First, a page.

Record Display for the EPA National Library Catalog

RECORD NUMBER: 205 OF 477

OLS Field Name OLS Field Data
Main Title Human Ecology Biocultural Adaptations in Human Communities / [electronic resource] :
Type EBOOK
Author Schutkowski, Holger.
Publisher Springer Berlin Heidelberg,
Year Published 2006
Call Number QH540-549.5
ISBN 9783540313915
Subjects Life sciences. ; Ecology. ; Evolution (Biology). ; Nature Conservation. ; Anthropology. ; Archaeology. ; Human Geography.
Internet Access
Description Access URL
http://dx.doi.org/10.1007/3-540-31391-5
Collation XIII, 306 p. online resource.
Notes
Due to license restrictions, this resource is available to EPA employees and authorized contractors only
Contents Notes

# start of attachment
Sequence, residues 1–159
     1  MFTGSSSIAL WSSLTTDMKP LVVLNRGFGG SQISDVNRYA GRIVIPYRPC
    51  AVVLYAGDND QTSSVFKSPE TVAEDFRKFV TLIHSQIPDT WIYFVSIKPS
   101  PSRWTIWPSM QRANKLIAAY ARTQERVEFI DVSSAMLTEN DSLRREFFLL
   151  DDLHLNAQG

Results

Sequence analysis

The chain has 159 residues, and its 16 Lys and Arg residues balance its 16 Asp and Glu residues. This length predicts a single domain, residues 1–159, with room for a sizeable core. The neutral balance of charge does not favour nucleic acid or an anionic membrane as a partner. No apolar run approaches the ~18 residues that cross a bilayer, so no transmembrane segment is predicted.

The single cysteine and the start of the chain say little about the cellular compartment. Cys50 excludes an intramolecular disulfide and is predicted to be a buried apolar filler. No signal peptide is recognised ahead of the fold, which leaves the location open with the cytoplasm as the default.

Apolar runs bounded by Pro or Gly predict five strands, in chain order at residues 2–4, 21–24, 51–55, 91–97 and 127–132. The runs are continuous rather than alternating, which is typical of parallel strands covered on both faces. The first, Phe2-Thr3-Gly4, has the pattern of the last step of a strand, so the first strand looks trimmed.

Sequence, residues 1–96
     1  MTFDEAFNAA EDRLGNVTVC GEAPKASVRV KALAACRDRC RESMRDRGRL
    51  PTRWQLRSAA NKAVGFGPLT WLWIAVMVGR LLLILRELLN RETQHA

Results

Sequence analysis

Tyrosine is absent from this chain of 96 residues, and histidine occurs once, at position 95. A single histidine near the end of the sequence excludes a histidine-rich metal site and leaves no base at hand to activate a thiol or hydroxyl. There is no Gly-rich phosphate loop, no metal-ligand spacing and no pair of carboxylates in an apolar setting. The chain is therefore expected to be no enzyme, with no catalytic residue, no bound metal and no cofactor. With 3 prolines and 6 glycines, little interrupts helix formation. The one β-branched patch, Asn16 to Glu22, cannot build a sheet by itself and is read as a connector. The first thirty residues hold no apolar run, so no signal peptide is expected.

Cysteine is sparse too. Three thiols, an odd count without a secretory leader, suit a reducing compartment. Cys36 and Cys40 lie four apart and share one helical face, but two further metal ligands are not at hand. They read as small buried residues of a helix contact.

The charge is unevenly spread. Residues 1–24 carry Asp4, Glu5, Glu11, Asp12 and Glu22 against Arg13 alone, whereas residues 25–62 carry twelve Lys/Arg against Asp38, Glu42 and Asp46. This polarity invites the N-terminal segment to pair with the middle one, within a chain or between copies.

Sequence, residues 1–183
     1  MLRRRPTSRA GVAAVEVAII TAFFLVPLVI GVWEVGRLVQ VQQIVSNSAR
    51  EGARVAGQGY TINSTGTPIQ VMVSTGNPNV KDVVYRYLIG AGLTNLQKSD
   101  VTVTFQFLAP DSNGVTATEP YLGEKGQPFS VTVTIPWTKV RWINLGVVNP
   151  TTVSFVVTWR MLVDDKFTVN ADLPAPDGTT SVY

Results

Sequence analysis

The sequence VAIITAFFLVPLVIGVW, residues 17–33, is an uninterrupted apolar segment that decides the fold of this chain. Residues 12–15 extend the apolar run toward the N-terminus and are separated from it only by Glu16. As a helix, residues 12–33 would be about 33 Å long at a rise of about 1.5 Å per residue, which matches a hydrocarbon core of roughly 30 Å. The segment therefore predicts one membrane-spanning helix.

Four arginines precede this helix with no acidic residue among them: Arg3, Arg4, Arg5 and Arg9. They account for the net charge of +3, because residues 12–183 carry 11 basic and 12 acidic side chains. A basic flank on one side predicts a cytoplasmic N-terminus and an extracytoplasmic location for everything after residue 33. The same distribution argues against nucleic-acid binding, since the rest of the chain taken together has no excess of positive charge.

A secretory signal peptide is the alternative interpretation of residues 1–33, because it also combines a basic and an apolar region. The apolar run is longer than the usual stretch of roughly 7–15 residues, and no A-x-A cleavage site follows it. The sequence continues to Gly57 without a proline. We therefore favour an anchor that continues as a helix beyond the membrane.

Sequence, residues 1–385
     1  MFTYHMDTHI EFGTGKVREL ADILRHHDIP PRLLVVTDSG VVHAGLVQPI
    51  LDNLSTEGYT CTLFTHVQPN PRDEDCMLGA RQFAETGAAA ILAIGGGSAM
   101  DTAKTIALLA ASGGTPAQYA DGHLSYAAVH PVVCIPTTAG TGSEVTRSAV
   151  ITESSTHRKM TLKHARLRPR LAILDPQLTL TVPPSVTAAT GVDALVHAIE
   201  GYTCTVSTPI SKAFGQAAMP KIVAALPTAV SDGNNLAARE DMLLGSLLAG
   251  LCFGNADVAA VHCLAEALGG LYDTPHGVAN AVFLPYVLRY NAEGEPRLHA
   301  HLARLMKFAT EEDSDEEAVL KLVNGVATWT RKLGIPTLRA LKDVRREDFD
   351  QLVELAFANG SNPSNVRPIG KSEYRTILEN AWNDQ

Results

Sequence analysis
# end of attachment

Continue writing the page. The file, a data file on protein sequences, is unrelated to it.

History, Concepts, and Prospects -- Subsistence Modes -- Subsistence Change -- Resources and Social Organisation -- Population Development and Regulation -- Synthesis - Towards a Biocultural Human Ecology. Human Ecology comes in various guises and is addressed at very different levels; from the narrow focus ofhuman household economics to the global issue ofhumans as the agencies of unconcerned and irresponsible consu- tion oflandscapes and resources. Yet,Human Ecology comprises what it says: the study ofhuman populations and their interrelationships with the char- teristics and properties of their environment. But this is where the analogy with general ecology stops. Human interaction with their habitats is almost entirely shaped by their cultural characteristics. Culture,this complex entity of technological inventiveness,social institutions,belief systems and idios- cratic identities, is an integral part of the human condition and forms a unique amalgamation with our evolutionary biological and behavioural h- itage. Human Ecology,therefore,has to integrate both aspects into a study of biocultural adaptations of human communities. This is an almost all-enc- passing,gargantuan brief that needs to be broken down into comprehensible units. The attempt presented here takes its starting point from a very basic area oflife-support strategies: the procurement offood and other resources. The topics explored in this book are therefore both immediately and indirectly connected to resources: subsistence strategies,subsistence changes, resource allocations, population dynamics and reproduction.